Patient predictors of response to treatment of depression in Alzheimer's disease: The DIADS study

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Abstract

Objective: To investigate patient predictors of response to treatment of Major Depressive Episode (MDE) in Alzheimer's disease (AD). Methods: Forty-four outpatients with AD and MDE were randomized to receive either sertraline or placebo in a 12-week placebo-controlled, flexible-dose clinical trial after a one week single-blind placebo phase. All participants were evaluated for depression at entry using the 21-item Hamilton Depression Rating Scale (HDRS) and the Cornell Scale for Depression in Dementia (CSDD). All subjects completed baseline neuropsychological testing. Caregiver burden and depression were also measured. The forty-two subjects who completed at least one post-enrollment follow-up visit were included in the analysis. Results: No baseline demographic, mood, neuropsychiatric, neuropsychological, or caregiver variable was a statistically significant predictor of response to treatment. There were trends for African-American patients (p = 0.07) and those with milder baseline agitation/aggression (p = 0.08) to respond better. Conclusion: No baseline characteristic assessed clearly predicts response to treatment of MDE in AD. A diverse population of depressed AD patients may thus respond similarly to the same treatment.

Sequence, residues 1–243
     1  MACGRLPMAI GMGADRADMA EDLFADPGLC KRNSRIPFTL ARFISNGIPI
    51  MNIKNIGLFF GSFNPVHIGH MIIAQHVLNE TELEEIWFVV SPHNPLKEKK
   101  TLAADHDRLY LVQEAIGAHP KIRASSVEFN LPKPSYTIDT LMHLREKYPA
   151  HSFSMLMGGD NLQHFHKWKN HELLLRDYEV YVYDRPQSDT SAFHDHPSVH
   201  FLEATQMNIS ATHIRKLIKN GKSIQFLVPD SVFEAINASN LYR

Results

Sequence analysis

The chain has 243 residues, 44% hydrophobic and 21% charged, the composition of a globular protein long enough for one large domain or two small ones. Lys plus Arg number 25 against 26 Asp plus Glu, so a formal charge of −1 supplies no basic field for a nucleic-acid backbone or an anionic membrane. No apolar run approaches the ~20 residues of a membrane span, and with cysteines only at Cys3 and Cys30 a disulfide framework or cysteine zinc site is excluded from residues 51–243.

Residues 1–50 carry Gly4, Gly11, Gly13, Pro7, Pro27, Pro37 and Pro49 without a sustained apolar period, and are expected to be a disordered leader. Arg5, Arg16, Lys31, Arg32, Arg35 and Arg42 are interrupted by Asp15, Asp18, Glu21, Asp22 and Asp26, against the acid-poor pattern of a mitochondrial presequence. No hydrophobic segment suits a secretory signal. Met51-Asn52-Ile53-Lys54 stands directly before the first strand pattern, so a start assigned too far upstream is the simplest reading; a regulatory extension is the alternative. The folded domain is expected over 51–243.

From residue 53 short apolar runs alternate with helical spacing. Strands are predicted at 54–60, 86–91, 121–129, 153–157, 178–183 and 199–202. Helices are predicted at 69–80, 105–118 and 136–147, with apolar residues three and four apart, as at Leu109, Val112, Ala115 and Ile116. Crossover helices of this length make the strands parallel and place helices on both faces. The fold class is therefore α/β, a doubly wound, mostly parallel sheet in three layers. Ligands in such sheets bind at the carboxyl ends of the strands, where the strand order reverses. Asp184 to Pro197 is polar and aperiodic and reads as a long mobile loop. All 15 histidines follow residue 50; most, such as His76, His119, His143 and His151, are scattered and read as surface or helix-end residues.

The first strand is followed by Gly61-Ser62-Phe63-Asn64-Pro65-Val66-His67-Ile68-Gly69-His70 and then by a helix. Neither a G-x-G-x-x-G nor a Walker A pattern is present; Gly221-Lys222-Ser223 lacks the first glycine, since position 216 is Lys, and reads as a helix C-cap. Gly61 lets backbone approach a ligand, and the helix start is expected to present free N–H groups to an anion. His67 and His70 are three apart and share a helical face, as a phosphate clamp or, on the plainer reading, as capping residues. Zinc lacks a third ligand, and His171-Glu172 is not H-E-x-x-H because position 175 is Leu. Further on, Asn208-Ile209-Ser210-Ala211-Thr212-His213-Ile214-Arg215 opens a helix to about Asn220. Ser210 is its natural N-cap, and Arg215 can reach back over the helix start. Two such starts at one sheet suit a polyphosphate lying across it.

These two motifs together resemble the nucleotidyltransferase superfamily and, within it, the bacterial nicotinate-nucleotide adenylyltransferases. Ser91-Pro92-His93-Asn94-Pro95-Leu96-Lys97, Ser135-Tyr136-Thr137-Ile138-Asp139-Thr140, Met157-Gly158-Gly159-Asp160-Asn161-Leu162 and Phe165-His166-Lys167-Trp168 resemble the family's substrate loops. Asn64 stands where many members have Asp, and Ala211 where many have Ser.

Original languageEnglish (US)
Pages (from-to)144-150
Number of pages7
JournalInternational journal of geriatric psychiatry
Volume19
Issue number2
DOIs
StatePublished - Feb 2004

Keywords

  • Alzheimer
  • Depression
  • Sertraline
  • Treatment

ASJC Scopus subject areas

  • Geriatrics and Gerontology
  • Psychiatry and Mental health

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